I have been to India numerous times before and it goes without saying that the main draw is the largest of the world’s cats, the tiger. However, there is so much more on offer in this remarkable country and earlier this year I visited a state I had not previously been to, Karnataka.
I led a non-photographic trip, acting as a naturalist guide, in Nagarhole National Park. This is without a doubt, one of the finest reserves I have been to on the Indian subcontinent, a forest reserve that plays host to a staggering array of species. There are tiger here, needless to say, but it is the chance of seeing a black leopard that draws many to these foothills to the Western Ghats. When you throw in traditional leopards, Asian wild dog, wild Asian elephant, sloth bear and countless bird species, it really is a wildlife-lover’s paradise.
As it wasn’t a photographic trip, I only managed to get some quick snaps, but hopefully these following images give you a real taste of what is on offer here …
What a place Nagarhole is. All I can really say is that you need to book on to a Wildlife Worldwide’s Nagarhole’s Tigers, Wild Dogs & Leopards trip for 2020.
Today was our final day in Kaziranga National Park and we had arranged and elephant back safari to get really close to the Rhino. The weather today had taken a turn for the worse and it was rather cool with heavy rain. The forecast for the next few days was the same so everybody who had waterproofs took them and those that did not took umbrellas. Assam is the wettest place on Earth so a little rain is to be expected, even in the dry season.
We went out on the Elephants and got close to a number of the Rhinos but after an hour or so with everyone soaked through, legs stretched from straddling the elephants and rather cold we disembarked our four legged friends and went in search of breakfast. On the elephant backs we were lucky enough to see a Bengal Florican, these birds are on the brink of extinction so it was a real privelege to see one. We went to a nearby lodge for breakfast before transferring for about an hour to the Western range were we had another jeep safari lined up for us.
The weather had decided to clear up a little for this outing, much to everybody's relief. We got some great sightings of the Rhinos, one was actually closer to us than when we were on the elephant back safari.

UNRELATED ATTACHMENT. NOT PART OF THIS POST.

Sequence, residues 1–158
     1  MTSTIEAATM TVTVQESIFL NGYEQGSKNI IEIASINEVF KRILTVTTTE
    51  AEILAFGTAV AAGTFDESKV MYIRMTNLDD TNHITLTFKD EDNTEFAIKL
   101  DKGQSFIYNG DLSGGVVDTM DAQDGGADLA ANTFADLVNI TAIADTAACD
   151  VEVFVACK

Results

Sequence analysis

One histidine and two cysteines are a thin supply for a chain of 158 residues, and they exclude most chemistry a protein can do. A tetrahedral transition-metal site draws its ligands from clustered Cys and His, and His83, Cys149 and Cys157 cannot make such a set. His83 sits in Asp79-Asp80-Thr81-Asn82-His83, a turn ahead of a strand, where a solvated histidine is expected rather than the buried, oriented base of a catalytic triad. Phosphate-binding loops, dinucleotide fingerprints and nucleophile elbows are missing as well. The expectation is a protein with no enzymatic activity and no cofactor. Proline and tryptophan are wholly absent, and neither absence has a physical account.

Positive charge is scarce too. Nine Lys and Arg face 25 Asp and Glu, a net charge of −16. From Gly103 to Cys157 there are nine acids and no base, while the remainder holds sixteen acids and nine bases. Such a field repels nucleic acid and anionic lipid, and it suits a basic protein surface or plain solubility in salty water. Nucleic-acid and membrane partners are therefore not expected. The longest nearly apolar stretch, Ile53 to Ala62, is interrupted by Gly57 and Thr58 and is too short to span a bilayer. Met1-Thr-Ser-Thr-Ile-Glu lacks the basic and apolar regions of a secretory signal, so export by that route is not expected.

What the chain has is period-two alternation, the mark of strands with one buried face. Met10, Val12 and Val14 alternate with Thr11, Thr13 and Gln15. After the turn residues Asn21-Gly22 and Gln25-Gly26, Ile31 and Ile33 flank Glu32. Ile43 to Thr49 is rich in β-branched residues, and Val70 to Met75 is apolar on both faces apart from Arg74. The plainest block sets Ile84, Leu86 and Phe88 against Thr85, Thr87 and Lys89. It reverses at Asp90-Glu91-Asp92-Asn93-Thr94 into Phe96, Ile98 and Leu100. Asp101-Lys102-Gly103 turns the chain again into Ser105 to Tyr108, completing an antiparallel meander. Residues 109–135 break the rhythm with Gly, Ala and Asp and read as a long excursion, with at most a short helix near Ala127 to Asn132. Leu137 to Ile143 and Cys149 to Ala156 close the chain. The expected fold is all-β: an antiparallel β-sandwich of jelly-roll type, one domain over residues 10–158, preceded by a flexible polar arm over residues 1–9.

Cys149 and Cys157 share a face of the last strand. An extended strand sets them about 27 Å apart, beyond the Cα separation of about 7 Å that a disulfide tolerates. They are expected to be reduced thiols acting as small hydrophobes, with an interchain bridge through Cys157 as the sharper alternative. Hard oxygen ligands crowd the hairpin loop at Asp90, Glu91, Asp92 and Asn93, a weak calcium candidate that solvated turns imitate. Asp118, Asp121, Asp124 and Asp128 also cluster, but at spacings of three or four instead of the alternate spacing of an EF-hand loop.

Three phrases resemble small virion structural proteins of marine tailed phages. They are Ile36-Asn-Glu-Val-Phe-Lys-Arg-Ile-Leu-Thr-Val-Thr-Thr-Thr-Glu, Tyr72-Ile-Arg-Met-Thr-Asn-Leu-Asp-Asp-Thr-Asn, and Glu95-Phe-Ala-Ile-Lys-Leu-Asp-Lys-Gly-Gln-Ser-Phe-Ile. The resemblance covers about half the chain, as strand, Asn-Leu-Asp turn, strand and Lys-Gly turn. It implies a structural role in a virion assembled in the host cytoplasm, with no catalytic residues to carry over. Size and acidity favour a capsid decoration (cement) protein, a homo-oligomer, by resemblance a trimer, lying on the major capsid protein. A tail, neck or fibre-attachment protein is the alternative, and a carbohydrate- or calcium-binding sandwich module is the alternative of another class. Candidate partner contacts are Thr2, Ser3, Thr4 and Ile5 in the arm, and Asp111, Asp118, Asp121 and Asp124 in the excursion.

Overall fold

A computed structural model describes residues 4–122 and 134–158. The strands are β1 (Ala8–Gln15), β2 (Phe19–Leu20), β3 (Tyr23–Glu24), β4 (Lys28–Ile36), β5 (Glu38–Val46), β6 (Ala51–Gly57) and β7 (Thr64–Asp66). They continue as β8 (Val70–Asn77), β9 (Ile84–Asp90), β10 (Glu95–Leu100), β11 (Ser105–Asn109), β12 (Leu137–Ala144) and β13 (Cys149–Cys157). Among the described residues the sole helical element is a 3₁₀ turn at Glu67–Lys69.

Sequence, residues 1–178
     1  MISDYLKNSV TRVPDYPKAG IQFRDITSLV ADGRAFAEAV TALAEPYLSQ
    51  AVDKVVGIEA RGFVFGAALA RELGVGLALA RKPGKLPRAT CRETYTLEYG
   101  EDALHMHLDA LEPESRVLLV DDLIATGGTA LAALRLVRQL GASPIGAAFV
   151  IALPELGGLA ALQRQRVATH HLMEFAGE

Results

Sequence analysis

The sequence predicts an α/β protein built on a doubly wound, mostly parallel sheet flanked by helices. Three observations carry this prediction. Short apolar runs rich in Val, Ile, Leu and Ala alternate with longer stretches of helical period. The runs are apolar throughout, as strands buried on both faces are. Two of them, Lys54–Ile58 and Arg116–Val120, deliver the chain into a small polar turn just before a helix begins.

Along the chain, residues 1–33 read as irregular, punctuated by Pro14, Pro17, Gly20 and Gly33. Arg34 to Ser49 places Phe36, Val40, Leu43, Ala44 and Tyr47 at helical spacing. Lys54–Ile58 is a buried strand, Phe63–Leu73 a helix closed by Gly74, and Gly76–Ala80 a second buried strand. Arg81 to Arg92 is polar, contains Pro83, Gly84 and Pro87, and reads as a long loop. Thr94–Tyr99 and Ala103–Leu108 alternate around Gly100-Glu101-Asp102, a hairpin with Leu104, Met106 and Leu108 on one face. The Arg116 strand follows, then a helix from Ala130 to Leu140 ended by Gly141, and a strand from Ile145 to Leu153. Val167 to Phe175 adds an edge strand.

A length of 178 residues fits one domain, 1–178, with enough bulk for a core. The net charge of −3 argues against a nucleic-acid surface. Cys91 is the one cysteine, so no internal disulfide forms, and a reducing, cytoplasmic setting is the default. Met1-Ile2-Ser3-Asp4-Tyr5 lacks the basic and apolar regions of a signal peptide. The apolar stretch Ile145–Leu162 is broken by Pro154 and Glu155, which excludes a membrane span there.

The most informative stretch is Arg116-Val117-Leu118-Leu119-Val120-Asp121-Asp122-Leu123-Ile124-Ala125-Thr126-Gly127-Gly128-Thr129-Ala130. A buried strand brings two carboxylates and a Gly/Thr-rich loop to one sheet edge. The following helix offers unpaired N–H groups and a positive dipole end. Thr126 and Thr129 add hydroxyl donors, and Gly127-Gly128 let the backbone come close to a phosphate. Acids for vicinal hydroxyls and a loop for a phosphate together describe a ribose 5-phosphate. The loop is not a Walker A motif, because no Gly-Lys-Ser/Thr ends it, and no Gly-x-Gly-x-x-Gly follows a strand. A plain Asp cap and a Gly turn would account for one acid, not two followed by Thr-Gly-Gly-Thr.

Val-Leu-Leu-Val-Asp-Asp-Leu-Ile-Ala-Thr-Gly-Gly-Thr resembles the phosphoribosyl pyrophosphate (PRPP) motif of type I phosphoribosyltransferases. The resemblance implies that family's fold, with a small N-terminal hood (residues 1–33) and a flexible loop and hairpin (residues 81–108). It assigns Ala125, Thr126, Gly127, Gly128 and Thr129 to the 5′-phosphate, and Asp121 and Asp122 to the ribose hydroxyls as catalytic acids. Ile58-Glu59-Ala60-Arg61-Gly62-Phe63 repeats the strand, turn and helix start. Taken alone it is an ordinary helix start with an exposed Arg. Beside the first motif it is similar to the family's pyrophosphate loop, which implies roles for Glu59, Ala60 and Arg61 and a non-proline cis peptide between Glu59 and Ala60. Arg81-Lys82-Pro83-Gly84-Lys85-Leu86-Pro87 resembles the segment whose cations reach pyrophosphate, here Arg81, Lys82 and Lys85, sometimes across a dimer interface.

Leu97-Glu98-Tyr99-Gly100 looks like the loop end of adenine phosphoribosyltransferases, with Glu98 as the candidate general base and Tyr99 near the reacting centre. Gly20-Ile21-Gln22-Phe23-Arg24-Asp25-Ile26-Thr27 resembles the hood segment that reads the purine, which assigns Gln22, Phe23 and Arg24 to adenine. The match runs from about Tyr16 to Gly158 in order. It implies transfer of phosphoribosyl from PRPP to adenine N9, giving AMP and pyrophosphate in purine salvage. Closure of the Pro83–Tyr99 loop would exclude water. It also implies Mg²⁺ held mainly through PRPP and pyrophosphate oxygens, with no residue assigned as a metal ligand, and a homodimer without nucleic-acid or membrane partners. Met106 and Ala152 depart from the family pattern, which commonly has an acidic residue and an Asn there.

In the evening when we were back on the boat I managed to electrocute myself after turning on my room's light. I flew across the room and hit the other wall, this was not a pleasant sensation at all and for the rest of the evening my left side was dead.
Today was our second day exploring the unusual landscape of Kaziranga. This park consists of tropical lush forest and large tracts of grassland. This grassland is primarily made up of Elephant Grass, which as its name suggests is as tall as an Elephant. Once an animal moves into this grassland it is nearly impossible to see it until it decides to show itself. This time we were visiting the central range of Kaziranga which was over an hour drive from the boat.
Today we got much closer to some wild Asian Elephant and I was able to get some photographs through the extremely high Elephant Grass. The Rhinos also decided that today they would co-operate a little better and I was able to get some nice photographs of a mother and her calf before a vehicle spooked them and they disappeared in the wall of grass. The light was not particualrly favourable as the Sun was rather bright at this point but it was a wonderful moment anyway.
After our drive we headed to a nearby lodge for lunch and we were able to give a tame elephant a bath, or in my case photograph the bath. On our way back to the boat we visited a tea plantation and stocked up on some Assam Tea and fresh Peppercorns.
In the evening the local villagers came to show us a traditional dance which was both very loud and also a rather colourful affair.